16 Nov Acute Coronary Syndrome: How Do Patients Without Critical Stenosis Do?
MedicalResearch.com: What are the main findings of the study?
Dr. Ohlow: This paper reports the finding of a retrospective study including 4.311 consecutive patients with suspected acute coronary syndrome (ACS). Out of them 272 patients with acute onset of chest pain and elevated levels of cardiac necrosis markers did not have significant (≥50% diameter stenosis) coronary artery stenosis on coronary angiography. Aim of this study was to provide further information and understanding of the clinical characteristics and outcome of patients with acute coronary syndrome without critical stenosis, and comparing those with a consecutive series of patients with ACS requiring percutaneous coronary intervention (non-ST-elevation myocardial infarction patients).
Patients presenting without significant coronary stenosis, but with chest pain and elevated troponin level were younger, had less severe angina symptoms, were more likely to be women, had lower level of myocardial necrosis markers (troponin and creatine kinase), and had higher left ventricular ejection fraction compared to patients undergoing angioplasty due to significant coronary obstruction.
MedicalResearch.com: Were any of the findings unexpected?
Dr. Ohlow: The term false-positive has been used to describe the situation in which acute onset of chest pain is associated with an elevated troponin level, but no significant coronary disease is found at coronary angiography. As expected, the prognosis of patients with acute coronary syndrome undergoing angioplasty due to significant coronary artery stenosis is worse than in patients with troponin-positive chest pain and absence significant obstruction (hazard ratio 2.44). However, a significant event-rate of 28.8% over a period of 86 months was found in patients with troponin-positive chest pain and absence significant coronary obstruction. This translates in an annual event-rate of 4%, which is higher than the 2.4% of a healthy population of comparable age. Taking this into account, troponin-positive ACS without relevant coronary artery stenosis does not seem to be a benign condition and may warrant a more aggressive medical therapy in such patients. Interestingly, higher levels of cardiac troponin (more than 1.9 ng/ml at admission) are associated with a worse prognosis in patients with troponin-positive chest pain and absence significant coronary obstruction.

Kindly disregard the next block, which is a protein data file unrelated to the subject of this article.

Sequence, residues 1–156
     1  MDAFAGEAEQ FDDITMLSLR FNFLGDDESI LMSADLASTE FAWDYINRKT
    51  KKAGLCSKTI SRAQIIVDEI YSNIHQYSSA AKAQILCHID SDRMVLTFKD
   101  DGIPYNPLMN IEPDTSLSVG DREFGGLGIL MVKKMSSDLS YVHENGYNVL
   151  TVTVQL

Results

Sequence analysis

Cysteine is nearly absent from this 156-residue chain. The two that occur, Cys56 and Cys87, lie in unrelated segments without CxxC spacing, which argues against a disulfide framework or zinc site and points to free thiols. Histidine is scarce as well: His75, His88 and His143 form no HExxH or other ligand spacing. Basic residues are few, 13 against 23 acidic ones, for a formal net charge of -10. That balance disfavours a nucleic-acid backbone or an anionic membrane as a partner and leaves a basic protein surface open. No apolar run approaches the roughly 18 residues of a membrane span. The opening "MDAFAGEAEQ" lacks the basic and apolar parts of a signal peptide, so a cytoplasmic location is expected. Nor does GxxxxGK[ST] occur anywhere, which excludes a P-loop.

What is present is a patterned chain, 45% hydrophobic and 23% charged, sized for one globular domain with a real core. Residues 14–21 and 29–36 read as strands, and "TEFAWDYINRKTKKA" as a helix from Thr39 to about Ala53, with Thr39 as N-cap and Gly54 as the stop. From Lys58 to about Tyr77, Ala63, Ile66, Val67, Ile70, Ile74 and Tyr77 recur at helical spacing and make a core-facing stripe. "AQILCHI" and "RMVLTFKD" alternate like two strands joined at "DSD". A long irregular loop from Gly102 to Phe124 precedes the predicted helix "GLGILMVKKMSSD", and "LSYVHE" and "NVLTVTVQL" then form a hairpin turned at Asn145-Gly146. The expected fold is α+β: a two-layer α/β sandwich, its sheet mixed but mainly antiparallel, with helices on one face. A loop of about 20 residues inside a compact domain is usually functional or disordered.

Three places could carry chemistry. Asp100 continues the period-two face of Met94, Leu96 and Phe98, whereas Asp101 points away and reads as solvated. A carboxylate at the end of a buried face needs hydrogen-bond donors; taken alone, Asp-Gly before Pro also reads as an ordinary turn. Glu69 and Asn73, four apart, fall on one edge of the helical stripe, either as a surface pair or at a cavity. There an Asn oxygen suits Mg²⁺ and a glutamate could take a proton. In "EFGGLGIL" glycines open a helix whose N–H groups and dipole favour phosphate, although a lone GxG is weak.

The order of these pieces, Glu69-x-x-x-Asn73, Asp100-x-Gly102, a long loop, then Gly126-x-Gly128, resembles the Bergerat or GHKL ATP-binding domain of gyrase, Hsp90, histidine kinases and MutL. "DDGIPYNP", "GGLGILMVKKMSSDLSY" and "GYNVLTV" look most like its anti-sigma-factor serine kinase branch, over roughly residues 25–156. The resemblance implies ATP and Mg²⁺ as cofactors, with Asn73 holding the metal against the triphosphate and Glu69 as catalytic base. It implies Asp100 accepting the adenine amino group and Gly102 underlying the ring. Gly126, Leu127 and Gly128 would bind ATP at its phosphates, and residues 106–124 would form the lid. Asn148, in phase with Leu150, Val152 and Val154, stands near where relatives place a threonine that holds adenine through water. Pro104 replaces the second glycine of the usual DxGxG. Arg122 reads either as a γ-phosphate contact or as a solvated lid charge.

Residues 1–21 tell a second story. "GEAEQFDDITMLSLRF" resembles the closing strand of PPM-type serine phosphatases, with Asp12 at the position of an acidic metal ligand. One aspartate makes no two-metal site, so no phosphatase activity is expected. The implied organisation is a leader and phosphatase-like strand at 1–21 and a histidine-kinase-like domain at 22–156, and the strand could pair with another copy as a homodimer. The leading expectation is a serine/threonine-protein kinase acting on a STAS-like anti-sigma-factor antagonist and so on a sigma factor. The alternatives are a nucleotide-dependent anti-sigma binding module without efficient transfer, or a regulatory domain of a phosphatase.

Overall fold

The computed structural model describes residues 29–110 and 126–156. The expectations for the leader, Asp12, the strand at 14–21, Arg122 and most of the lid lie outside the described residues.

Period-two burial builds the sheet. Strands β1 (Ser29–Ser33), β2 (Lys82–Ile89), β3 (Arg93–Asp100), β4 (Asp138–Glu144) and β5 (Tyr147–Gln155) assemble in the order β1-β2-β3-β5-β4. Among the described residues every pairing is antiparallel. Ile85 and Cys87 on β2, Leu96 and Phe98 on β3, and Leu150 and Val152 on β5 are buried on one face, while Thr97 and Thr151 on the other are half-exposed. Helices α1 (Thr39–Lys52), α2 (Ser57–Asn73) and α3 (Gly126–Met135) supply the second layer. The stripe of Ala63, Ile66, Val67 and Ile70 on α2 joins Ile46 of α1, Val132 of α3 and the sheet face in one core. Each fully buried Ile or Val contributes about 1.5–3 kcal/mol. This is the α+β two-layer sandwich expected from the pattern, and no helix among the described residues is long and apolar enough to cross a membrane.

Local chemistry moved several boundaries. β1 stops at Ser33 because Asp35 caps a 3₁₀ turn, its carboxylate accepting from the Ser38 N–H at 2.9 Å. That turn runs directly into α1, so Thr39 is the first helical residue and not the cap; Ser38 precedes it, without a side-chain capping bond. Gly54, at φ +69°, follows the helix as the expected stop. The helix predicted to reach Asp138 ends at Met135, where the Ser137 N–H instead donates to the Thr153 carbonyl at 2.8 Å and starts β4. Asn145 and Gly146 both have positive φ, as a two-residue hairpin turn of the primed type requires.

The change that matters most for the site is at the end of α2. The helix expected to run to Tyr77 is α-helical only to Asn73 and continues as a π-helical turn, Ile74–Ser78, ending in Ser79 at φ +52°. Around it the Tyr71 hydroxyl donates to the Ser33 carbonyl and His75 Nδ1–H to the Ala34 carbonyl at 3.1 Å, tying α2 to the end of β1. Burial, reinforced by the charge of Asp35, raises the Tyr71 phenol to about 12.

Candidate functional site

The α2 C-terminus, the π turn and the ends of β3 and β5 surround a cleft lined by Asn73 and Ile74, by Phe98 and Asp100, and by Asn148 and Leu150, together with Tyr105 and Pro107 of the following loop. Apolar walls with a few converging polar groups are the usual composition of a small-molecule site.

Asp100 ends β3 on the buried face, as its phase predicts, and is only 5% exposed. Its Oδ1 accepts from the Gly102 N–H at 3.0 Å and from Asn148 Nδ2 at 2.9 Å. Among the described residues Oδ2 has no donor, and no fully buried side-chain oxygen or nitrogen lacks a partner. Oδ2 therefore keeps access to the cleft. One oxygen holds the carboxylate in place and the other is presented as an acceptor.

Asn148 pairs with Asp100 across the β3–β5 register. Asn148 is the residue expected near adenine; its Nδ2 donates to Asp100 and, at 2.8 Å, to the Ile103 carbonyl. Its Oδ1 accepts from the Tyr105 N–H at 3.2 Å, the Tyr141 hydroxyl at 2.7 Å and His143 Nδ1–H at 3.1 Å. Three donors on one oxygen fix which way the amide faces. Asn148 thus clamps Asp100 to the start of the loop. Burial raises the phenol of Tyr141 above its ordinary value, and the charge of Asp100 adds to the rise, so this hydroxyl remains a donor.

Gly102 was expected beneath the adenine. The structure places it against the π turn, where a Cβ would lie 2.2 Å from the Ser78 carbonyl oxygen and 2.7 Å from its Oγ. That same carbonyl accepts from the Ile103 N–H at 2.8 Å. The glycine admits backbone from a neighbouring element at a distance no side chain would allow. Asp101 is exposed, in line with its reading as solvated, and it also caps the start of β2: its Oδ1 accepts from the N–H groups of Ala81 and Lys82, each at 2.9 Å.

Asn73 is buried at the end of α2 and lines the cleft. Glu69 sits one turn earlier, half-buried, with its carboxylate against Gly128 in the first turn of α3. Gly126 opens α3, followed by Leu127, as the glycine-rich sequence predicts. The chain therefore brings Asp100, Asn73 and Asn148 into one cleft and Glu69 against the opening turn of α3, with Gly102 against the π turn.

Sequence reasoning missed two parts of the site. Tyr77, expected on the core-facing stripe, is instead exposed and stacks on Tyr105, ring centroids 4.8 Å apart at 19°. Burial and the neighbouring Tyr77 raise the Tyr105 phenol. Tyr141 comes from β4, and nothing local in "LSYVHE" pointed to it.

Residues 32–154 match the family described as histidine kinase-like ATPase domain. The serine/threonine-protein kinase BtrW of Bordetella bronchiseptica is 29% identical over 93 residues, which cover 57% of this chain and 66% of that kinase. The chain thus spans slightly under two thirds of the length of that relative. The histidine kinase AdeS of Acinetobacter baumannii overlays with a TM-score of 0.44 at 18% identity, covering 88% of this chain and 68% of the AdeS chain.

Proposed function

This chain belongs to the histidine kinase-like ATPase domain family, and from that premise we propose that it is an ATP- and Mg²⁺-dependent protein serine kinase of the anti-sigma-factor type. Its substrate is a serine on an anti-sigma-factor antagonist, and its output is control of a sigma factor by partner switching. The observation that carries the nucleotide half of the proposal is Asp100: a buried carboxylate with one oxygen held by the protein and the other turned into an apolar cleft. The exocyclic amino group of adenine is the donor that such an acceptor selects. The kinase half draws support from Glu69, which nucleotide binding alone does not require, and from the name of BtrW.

MedicalResearch.com: What should clinicians and patients take away from your report?
Dr. Ohlow: Approximately 6% of all patients admitted for acute onset of chest pain and elevated markers of myocardial necrosis do not show significant (≥50%) coronary stenosis at angiography. The use of several different clinical variables did not help to differentiate patients with and without significant coronary stenosis. The composite outcome (cardiac death, re-infarction and re-hospitalization) of patients undergoing angioplasty due to coronary artery disease is worse than that of patients without significant coronary stenosis and inversely related to troponin levels.
MedicalResearch.com: What recommendations do you have for future research as a result of this study?
Dr. Ohlow: As troponin-positive ACS without relevant coronary artery stenosis does not seem to be a benign condition it would be interesting to evaluate, which type of long term treatment might be the best option for such patients. Whether a treatment similar to acute coronary syndrome with relevant coronary artery stenosis (e.g. dual platelet inhibition for 12 months, and statin medication) can significantly reduce adverse events during follow-up needs to be prospectively investigated in further studies.